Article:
The Department of International Languages and Cultures offers majors and minors in Chinese, French, German and Spanish languages and cultures, as well as Latin American Studies. With these concentrations, ILC integrates cultural material into our courses beginning at the elementary level. Our upper level courses examine literature and other cultural expressions, such as film, art, digital media, and music, in their historical contexts.
Our cultural studies approach emphasizes the meaning of creative and social expression in its local cultural contexts and in a global framing. We are interested in how you will use your linguistic and cultural literacy in the world, so we have courses that incorporate media production, translation, community-based learning, and different modes of writing. We develop your intercultural literacy, but also your general ability to analyze the validity of information and to communicate information orally and in writing. All majors complete a St. Mary's Project, which ties learning in the first three years of your college career with post-graduation goals.
At SMCM, we see language and culture as inextricably linked. Our curriculum acknowledges the growing need for professionals who have both linguistic and cultural literacy that extend beyond the English-speaking world.
Examples of cool projects in our classes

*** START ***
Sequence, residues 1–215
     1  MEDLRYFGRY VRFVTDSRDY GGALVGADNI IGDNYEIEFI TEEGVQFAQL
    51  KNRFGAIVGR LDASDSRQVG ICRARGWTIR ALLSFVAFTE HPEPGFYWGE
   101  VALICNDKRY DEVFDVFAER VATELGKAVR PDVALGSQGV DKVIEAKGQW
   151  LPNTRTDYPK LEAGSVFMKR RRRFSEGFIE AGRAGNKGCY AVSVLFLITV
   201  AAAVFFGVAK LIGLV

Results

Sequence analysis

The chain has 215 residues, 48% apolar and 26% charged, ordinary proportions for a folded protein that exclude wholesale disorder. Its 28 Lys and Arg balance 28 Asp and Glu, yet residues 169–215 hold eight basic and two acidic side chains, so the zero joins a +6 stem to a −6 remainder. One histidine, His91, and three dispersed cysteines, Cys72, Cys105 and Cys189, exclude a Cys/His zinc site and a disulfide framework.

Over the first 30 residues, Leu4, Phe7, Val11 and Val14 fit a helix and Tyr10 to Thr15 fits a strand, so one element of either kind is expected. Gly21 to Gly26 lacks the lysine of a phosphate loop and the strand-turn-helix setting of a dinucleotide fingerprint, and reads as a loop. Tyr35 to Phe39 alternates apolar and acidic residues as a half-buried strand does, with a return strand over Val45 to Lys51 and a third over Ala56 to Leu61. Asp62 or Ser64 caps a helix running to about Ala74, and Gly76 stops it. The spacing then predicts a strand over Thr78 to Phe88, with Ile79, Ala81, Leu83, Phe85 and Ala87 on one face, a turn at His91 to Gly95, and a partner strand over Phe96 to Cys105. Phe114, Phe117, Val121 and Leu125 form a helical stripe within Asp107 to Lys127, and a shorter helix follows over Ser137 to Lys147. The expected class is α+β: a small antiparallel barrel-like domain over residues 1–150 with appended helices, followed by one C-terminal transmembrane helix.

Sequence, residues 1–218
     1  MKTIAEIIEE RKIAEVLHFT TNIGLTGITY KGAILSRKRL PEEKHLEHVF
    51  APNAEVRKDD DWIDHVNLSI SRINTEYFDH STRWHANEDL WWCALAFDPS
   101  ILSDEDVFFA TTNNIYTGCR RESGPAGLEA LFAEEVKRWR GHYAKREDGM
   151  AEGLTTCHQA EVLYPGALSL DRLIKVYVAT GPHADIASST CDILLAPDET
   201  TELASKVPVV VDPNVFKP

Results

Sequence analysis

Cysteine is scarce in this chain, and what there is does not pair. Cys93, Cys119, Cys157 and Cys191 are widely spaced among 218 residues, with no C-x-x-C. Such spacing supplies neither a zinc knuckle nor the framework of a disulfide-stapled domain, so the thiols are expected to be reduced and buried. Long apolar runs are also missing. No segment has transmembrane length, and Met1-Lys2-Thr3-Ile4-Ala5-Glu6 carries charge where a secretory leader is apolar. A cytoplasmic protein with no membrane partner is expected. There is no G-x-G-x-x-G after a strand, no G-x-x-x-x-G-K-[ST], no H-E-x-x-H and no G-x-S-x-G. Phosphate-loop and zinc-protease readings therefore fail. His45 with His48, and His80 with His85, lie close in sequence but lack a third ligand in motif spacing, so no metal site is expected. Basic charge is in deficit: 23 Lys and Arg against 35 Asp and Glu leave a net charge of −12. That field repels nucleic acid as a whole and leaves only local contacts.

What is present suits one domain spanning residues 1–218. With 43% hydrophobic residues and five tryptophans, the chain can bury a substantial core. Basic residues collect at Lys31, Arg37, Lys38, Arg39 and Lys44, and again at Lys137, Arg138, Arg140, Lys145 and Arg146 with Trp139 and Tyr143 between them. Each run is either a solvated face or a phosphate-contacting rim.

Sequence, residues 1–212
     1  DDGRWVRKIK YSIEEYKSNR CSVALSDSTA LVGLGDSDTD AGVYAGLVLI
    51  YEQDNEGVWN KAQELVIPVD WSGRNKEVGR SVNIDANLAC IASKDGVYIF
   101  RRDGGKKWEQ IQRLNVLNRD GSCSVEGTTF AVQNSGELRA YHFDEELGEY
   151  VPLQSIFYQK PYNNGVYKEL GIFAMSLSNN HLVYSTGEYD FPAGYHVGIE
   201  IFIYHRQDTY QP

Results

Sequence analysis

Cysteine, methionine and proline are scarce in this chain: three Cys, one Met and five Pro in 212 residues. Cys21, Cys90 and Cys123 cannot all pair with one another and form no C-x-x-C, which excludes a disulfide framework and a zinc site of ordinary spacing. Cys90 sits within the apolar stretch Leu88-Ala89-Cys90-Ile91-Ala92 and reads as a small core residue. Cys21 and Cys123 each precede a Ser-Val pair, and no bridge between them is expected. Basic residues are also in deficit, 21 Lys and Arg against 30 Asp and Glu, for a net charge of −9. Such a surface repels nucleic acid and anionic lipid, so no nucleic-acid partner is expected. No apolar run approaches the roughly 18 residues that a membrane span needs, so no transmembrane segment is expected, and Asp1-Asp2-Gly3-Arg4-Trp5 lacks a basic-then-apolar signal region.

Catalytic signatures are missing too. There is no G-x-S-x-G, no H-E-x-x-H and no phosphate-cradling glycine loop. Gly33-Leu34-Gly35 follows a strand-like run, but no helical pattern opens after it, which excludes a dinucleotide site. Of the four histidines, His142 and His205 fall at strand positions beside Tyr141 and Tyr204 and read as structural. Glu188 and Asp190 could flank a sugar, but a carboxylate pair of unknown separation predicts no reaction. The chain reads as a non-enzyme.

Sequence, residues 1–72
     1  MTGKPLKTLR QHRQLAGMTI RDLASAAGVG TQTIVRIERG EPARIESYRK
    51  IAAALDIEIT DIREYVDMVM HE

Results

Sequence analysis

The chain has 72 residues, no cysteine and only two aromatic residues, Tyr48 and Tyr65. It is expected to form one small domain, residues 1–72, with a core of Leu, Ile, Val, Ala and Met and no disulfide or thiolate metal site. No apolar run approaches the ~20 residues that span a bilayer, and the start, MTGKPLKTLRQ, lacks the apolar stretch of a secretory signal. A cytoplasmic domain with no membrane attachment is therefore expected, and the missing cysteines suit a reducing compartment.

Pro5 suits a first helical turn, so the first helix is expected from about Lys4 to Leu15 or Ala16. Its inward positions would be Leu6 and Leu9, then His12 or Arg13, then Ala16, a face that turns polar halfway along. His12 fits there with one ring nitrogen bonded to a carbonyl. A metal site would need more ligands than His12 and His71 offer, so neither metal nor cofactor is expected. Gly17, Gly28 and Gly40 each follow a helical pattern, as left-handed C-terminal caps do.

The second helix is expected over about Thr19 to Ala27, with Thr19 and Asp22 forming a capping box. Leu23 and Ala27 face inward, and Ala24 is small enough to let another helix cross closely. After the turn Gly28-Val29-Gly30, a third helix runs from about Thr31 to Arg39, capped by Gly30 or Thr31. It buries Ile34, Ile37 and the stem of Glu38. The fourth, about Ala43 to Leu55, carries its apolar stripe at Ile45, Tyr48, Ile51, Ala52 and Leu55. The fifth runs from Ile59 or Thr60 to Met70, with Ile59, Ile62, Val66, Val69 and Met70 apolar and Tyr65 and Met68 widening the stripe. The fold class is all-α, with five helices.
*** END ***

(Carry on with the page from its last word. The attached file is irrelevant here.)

Spanish 110 and Spanish 361 students collaborated to create four exhibits for our antimuseum, which was displayed in Anne Arundel Hall North. The interactive exhibits evolved from our class discussions on colonization and decolonization.
Lunar New Year
The Chinese and Asian Studies Lunar New Year Celebration is one of the most popular events of each year. The main component of the Celebration is a station for guests to make dumplings which are cooked in the back and then put out later to eat. The room is covered with red decorations, with red symbolizing good fortune and happiness.
The Culture of Remembrance
Intermediate and advanced German students collaborated on a project around the culture of personal and collective remembrance in Germany and the U.S. The project culminated in a public talk where the students shared their work in German and English with an enthusiastic audience.